Increased consumption of electronic products and their ever-shortening lifespans – whether encouraged or designed by manufacturers – has made e-waste the fastest growing waste stream worldwide.
Contained within these products are small quantities of gold that are difficult but valuable to recover. Around 30% of e-waste from the EU goes through a smelting process to recover this gold and other metals; a method with an appreciable carbon footprint. The remaining 70% is shipped to countries with more lenient environmental regulations such as China and India, where it is ‘informally recycled’ and the precious metals contained in the devices are extracted via crude methods that pose a real danger, both to the people processing the waste and to the surrounding environment.
University of Edinburgh chemists Professors Jason Love and Carole Morrison with geoscientist Professor Bryne Ngwenya have led a team in a five-year project that exposes the true value of e-waste and advances a more environmentally friendly way of retrieving its gold for re-use. While 1 tonne of ore yields just 1-2 grammes of gold, the same weight in e-waste yields 300 grammes.
Upon discovering that one of their reagents was very selective for gold, the team realised that their chemistry could plot a previously uncharted route to recycling e-waste metals in a way that is scalable and can be implemented locally, thus drastically reducing the economic, human and environmental costs associated with current mining and recycling practices. They have secured the support of several industry partners, including refining, recycling, and electronics manufacturers based in Scotland, the UK and India with the aim of commercialising their chemical technology to accelerate impact.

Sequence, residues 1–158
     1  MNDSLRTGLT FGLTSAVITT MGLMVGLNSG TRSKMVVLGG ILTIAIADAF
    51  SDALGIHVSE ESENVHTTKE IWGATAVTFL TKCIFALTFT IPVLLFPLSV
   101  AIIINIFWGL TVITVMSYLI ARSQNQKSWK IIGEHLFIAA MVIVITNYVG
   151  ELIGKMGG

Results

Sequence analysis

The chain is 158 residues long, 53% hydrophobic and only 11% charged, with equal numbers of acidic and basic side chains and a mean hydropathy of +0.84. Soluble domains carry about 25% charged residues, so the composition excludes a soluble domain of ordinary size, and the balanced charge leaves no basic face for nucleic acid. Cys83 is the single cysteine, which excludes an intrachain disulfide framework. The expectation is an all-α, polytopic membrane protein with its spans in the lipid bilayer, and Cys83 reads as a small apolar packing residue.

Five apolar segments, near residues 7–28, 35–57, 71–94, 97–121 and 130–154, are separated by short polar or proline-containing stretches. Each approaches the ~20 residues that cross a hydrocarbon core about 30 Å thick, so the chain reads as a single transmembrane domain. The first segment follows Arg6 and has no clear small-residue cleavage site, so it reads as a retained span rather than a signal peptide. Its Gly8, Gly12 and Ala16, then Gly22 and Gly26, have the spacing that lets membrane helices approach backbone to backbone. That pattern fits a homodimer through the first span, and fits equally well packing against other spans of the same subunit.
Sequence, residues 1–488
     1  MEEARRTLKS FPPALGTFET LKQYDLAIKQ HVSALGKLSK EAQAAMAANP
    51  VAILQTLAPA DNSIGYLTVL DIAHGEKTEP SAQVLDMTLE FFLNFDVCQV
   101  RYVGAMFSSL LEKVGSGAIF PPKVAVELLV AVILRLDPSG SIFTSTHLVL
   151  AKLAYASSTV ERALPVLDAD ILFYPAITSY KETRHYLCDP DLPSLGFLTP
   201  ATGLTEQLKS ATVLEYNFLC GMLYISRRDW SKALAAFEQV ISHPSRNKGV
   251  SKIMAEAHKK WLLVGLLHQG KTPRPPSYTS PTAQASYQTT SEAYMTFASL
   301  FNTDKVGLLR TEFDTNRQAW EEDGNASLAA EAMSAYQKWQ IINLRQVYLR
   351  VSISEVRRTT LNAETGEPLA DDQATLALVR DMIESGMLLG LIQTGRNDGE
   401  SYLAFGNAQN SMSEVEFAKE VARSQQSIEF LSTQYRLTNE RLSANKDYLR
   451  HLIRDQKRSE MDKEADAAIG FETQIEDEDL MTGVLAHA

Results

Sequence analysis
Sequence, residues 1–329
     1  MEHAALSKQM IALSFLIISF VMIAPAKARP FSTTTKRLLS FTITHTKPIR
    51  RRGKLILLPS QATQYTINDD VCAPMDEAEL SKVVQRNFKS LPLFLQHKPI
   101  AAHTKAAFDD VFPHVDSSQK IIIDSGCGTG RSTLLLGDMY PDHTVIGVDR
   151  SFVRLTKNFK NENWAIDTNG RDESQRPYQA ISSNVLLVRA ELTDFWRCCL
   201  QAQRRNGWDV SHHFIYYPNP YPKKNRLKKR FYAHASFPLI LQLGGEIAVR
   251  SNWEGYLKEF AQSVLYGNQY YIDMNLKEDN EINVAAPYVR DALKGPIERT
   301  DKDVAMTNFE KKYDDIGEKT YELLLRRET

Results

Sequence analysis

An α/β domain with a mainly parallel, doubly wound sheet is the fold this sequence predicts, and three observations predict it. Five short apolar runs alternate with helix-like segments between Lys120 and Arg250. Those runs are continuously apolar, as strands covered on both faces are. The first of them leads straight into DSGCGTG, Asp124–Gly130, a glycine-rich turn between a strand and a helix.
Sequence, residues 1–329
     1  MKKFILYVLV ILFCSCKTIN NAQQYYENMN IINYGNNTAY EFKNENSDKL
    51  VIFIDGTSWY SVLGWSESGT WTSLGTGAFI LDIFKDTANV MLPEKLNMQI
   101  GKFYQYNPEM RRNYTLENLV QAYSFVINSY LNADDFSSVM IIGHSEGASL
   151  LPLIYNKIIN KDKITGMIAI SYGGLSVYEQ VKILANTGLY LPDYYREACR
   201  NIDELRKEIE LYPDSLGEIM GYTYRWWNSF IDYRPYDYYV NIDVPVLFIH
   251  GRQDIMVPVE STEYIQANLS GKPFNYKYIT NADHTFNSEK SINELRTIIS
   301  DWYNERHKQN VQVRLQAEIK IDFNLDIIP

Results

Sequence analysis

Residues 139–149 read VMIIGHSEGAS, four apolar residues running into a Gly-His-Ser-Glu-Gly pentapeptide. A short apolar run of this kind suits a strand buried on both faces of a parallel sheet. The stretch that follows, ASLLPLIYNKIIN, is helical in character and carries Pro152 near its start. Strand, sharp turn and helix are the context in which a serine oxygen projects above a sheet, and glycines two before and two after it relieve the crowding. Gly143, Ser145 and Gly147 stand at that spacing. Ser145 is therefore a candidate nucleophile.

The project represents the first response to the global challenge of e-waste from an efficient and environmentally conscious angle. The team are looking to collaborate with engineers and policy-makers in order to implement their process on an industrial scale and keep e-waste recycling within the UK. With an estimated 7% of the world’s gold contained in e-waste, the team’s process of gold retrieval stands to make a significant impact from an economic, human and environmental perspective.
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Image: Brian Kostiuk/Unsplash.